< Back

Tiny Bubbles

Thursday, December 29, 2011


WHEN IT'S TIME TO CELEBRATE, champagne is the traditional drink for all kinds of joyous occasions, and it's especially perfect for the holiday season.

Champagne-that is, real Champagne-is produced only in the Champagne region of France, and it's pretty much universally hailed as the greatest sparkling wine in the world.

Purists agree that so called "champagne" produced elsewhere is nothing more than sparkling wine. For example, spumante and Prosecco come from Italy, and cava from Spain. But in the United States, some vineyards still label their domestic sparkling wines as champagne.

Champagnes are usually a blend of grapes, typically Pinot Noir and Chardonnay, often with a touch of Pinot Meunier as well. They range from dry (brut) to mildly sweet (demi-sec) to very sweet (doux).

Champagne, unlike any other wine, is marketed, promoted, and sold as a luxury product, the viniferous equivalent of a Mercedes, and the companies that make these super bubbles spend a great deal of time and money fluffing the expensive image.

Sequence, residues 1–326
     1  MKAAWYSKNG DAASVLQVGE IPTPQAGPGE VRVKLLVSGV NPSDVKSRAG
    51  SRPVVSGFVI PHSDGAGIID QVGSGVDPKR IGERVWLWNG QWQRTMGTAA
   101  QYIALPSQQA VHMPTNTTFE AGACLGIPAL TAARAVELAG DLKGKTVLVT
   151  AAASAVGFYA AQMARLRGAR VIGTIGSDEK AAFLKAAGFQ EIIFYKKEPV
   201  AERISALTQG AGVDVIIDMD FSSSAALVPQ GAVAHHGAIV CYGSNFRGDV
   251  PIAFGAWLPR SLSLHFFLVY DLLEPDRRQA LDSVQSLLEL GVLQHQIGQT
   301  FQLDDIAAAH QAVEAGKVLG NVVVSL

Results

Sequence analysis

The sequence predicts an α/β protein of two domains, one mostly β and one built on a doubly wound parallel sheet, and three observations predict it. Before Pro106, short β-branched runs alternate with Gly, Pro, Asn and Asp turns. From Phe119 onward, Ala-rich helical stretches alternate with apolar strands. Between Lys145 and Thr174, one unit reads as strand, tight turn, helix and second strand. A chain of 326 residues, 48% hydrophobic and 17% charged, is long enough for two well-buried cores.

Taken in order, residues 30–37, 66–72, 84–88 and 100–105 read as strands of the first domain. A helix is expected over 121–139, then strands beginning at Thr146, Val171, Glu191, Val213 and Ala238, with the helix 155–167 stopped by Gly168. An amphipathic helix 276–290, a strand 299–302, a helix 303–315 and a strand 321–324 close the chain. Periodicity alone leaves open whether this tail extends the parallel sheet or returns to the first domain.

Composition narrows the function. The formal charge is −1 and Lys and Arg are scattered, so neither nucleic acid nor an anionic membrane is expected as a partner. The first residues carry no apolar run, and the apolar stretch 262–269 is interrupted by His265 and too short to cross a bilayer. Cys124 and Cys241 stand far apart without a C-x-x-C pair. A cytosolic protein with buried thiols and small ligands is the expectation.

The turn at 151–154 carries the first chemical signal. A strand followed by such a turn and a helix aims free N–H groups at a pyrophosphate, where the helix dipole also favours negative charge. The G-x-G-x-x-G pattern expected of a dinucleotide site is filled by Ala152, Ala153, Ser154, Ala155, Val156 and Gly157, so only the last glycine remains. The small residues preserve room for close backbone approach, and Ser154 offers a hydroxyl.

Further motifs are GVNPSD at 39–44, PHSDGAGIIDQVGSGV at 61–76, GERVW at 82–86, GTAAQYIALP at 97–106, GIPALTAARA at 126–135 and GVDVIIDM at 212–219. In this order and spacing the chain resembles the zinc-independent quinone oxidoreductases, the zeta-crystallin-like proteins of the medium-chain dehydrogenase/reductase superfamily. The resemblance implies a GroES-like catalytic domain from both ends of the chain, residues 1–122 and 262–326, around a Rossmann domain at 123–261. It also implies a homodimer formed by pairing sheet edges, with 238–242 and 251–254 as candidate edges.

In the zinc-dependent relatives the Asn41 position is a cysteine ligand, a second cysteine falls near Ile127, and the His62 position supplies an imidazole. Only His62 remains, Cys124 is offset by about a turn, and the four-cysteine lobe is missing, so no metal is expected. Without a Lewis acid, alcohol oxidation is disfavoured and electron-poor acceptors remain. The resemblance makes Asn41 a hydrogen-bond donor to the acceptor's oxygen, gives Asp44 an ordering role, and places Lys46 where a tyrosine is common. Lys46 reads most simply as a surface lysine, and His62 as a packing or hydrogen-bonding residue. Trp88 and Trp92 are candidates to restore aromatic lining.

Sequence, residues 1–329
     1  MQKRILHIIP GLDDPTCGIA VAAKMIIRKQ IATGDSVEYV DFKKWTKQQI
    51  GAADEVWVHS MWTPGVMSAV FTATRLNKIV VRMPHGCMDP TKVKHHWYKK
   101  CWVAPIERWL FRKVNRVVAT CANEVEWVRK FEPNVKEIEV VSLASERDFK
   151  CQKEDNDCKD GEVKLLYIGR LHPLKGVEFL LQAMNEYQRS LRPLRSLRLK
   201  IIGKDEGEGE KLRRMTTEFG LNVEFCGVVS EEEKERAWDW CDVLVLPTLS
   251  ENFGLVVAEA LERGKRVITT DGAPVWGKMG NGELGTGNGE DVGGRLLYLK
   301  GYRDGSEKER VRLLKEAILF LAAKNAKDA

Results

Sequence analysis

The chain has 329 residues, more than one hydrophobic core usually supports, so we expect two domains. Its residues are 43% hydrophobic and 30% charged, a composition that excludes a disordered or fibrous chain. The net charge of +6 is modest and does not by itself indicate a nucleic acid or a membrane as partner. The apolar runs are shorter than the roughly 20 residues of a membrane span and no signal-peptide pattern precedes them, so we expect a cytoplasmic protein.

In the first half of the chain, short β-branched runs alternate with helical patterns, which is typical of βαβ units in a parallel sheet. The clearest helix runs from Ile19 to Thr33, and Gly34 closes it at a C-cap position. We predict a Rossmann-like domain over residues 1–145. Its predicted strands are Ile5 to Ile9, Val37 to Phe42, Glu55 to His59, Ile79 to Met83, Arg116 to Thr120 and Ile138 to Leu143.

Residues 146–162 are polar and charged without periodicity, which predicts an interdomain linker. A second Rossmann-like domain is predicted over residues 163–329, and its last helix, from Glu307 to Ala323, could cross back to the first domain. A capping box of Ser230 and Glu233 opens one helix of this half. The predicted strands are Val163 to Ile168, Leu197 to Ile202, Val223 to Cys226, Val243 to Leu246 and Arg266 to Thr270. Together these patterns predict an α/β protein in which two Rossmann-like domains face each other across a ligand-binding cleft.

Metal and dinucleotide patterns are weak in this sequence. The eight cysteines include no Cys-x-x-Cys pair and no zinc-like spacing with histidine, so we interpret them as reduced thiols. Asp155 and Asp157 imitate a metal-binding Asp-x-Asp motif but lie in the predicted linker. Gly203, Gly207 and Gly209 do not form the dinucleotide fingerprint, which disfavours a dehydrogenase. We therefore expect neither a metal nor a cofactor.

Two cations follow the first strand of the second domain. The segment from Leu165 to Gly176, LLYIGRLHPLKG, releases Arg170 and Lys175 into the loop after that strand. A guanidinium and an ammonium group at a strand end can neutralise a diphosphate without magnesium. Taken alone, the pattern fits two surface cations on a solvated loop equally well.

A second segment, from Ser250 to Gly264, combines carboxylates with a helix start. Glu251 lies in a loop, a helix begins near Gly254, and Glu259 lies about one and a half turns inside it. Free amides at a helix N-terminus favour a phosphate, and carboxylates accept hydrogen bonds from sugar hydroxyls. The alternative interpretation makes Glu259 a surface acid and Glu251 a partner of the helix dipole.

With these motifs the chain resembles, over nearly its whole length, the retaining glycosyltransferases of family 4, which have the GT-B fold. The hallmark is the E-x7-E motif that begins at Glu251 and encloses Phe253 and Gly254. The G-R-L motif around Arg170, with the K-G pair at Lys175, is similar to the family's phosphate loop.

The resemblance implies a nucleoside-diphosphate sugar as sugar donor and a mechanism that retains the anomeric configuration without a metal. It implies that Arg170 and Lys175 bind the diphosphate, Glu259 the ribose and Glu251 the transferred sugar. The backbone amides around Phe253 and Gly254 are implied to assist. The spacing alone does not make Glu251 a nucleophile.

So the idea of "cheap" champagne is considered sacrosanct to many high-brow consumers but the thing is … there is an awful lot of good, or at least drinkable, fizz coming from places other than the Champagne region of France these days, and it's getting better all the time.

Bang For the Buck
Cristalino Brut Cava, Spain $10
Mumm Cuvee Napa $18
Gruet, New Mexico $15
Mionetto Prosecco Brut, Italy ($13)

Here are some delicious New Year's drinks using champagne, the classic Chambord cocktail is a festive and tasty drink and we have a twist on the classic Mimosa.


Chambord Cocktail
Chilled Champagne
Chambord® raspberry liqueur
Fresh Raspberries

[1] Pour the champagne into a champagne flute. Add a healthy splash of Chambord raspberry liqueur, drop in a raspberry and serve.


Raspberry Mimosa
Champagne
Orange Juice
Orange Liqueur (Grand Marnier or Triple Sec)
1/2 cup fresh raspberries

[1] Put 1-2 cubes of raspberry ice in a large wine glass (see below). Slowly fill about 3/5 of the wine glass with chilled champagne.

[2] Add chilled orange juice but leave a little room from the top of the glass.

[3] Add 2 tablespoons of orange liqueur and very gently stir. Garnish with a sliced orange and Enjoy!


Raspberry Ice
[1] Crumble fresh or thawed raspberries into the compartments of an ice cube tray. Fill the tray with water and freeze. Add one or two raspberry ice cubes to your Mimosa as described above.